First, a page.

The Nemesis Theory: Is there a Second Sun in Our Solar System?
The Nemesis Hypothesis
Nemesis is a theoretical second sun in our solar system, a dwarf star named after the Greek goddess of vengeance. In the English vocabulary the word nemesis has come to mean downfall, or ruin, and surely nothing good can result from a celestial body bearing this moniker. According to some, Nemesis will indeed bring about our ruin one day by setting in motion an extinction event that will wipe us off the face of the Earth.
Proponents of the Nemesis theory say it has happened before. In fact, every twenty-six million years the Earth has a little problem. Some horrible and mysterious catastrophe brings about a mass extinction, destroying a large percentage of life on the planet and altering the balance of nature.
It happened with the dinosaurs sixty-five million years ago. It’s happened since. In fact, it happens reliably, about every twenty-six million years. The question is not if the Earth will see another cataclysmic extinction, but when.
This pattern of destruction baffled paleontologists, until science began to consider causes not of this world. Astronomers arrived at the Nemesis Hypothesis, a theory that says our Sun has an evil little brother called Nemesis who orbits at a great distance.
Every twenty-six million years the orbit of Nemesis brings it through the Oort cloud, a mass of comets and debris out on the far reaches of space. Nemesis disrupts the comets, sending them hurtling toward the inner planets on a rain of destruction that can last decades. Comets smash into Earth and cause these mass extinctions at a regular and predictable rate.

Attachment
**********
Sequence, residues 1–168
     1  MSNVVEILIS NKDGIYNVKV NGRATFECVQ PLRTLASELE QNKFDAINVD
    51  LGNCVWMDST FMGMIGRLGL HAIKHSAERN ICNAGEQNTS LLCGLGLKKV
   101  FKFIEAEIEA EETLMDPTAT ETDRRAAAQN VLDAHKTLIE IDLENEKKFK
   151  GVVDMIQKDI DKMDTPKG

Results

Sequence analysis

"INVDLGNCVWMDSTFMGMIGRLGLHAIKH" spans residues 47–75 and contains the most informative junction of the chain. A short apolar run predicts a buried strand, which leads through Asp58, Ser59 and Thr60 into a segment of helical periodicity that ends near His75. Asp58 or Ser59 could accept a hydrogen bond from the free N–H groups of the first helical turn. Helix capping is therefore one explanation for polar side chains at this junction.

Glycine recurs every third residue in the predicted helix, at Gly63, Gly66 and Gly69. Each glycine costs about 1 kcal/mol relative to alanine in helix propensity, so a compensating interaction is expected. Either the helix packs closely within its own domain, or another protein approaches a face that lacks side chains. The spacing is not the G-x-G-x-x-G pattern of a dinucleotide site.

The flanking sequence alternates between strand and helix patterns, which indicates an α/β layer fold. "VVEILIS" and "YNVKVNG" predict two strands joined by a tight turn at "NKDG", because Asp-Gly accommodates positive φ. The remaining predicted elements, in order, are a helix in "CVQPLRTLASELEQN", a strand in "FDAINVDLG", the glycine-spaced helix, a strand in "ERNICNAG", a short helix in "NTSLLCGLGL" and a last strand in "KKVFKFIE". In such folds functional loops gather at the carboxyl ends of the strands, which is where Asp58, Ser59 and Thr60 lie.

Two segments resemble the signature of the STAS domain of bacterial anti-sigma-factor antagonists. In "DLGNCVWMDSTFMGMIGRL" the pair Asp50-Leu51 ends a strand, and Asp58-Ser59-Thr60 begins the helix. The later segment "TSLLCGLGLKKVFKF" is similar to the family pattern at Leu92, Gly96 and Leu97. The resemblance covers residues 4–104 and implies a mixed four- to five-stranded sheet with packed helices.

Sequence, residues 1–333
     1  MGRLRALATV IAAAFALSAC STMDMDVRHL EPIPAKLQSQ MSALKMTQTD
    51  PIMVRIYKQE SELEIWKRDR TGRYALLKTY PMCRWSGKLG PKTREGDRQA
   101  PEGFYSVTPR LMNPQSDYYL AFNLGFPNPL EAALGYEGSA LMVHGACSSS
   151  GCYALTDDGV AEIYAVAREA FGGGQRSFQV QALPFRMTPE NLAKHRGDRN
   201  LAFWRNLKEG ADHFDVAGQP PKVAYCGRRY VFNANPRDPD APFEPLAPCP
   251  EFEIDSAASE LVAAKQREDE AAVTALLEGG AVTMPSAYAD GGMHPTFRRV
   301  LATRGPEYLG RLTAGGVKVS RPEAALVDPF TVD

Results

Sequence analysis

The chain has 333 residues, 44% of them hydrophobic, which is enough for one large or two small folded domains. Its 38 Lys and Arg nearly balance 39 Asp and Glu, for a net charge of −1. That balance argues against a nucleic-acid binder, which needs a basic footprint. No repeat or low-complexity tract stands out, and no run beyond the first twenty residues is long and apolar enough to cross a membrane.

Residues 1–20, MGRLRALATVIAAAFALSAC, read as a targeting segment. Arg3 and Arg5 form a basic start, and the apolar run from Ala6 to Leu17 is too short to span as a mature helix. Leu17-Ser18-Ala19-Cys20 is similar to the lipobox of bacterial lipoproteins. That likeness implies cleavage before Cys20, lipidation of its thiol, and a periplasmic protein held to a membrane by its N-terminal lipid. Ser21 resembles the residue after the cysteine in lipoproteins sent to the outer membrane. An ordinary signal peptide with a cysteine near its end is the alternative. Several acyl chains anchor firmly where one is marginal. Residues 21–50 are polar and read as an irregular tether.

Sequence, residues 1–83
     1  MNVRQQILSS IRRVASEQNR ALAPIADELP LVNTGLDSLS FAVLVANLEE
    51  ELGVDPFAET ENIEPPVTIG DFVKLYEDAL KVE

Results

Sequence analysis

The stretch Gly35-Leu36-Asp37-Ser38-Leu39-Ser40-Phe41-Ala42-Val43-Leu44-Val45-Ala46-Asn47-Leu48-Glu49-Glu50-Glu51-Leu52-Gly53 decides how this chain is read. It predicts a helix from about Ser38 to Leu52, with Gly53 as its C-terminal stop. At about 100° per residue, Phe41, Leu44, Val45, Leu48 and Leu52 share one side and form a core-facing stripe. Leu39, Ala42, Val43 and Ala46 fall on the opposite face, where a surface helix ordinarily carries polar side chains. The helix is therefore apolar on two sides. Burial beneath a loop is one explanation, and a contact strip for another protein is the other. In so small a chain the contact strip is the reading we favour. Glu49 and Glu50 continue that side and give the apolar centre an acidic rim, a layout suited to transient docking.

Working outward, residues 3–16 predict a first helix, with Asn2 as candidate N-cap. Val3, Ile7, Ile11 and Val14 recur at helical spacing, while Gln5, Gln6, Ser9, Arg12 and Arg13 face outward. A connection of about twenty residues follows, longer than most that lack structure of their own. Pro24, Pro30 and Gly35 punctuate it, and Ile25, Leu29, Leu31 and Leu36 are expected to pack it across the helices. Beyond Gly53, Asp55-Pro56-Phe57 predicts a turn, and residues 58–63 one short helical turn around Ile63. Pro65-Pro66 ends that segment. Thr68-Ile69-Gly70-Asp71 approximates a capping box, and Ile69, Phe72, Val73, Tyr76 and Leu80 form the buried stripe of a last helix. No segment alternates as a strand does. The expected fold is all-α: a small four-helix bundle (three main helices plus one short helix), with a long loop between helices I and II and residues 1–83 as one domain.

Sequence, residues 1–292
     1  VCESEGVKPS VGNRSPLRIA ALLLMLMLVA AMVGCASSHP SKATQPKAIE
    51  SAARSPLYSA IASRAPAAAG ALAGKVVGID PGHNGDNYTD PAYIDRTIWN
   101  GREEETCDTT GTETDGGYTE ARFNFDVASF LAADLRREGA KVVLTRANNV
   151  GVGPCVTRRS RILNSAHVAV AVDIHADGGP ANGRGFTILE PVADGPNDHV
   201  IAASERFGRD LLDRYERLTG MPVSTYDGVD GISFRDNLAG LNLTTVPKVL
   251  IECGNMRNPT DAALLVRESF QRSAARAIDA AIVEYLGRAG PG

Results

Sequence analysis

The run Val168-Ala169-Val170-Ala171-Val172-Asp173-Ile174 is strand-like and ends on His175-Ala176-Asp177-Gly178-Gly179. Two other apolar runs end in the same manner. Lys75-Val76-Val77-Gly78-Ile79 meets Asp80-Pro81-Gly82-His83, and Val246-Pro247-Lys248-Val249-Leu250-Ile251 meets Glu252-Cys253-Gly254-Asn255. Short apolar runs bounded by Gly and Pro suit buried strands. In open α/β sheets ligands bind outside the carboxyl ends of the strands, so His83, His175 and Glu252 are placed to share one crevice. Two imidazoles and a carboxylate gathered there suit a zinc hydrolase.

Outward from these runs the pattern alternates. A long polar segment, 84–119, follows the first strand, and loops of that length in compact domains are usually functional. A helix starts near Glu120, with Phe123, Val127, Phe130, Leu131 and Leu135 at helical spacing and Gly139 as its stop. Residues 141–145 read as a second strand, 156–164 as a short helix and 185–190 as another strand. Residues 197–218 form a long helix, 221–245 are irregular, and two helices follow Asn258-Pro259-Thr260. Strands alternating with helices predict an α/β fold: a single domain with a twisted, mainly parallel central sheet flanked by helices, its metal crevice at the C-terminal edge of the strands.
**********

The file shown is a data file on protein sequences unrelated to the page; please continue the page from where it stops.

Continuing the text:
Nemesis may not have the same size and power as our Sun, and it's not likely to come anywhere near the Earth, but it has enough of a push to cause havoc from afar. The concept of Nemesis is chilling to say the least, the stuff of nightmares. So what are the chances that Nemesis really exists, and if Nemesis does come calling is there anything we can we do about it?
Where is Nemesis?
Nobody has ever seen Nemesis, nor has it been located using current technology. Theoretically, this is because Nemesis is a red or brown dwarf, a star with very little brilliance, which explains why it is so hard to detect.
You might think it would be easy to spot an extra sun in our own solar system, but a dark object out there among millions of other dark, moving celestial bodies is hard to track. Even with our advanced technology and powerful telescopes, Nemesis has yet to reveal itself.
Some astronomers are currently hard at work trying to locate Nemesis using calculations based on past extinctions. They think they know where to look, but they haven’t spotted it as of yet. The use of infrared technology may help. The heat of a dim star will be easier to see in infrared than it would with the naked eye.
But does it even make sense that there could be two suns? How likely is it that there could be a second star in our solar system, even if it is undetected?
The theory of a second sun in our solar system is not as bizarre as it might sound. Binary star systems (two stars orbiting the same center of mass) are quite common. In fact, Alpha Centauri, our solar system’s nearest neighbor, is a binary system. Astronomers estimate that around half of all stars in our galaxy have at least one companion. Therefore, the existence of Nemesis would not be surprising at all, at least statistically.
A Look at Trans-Neptunian Objects
The Gas Giant Tyche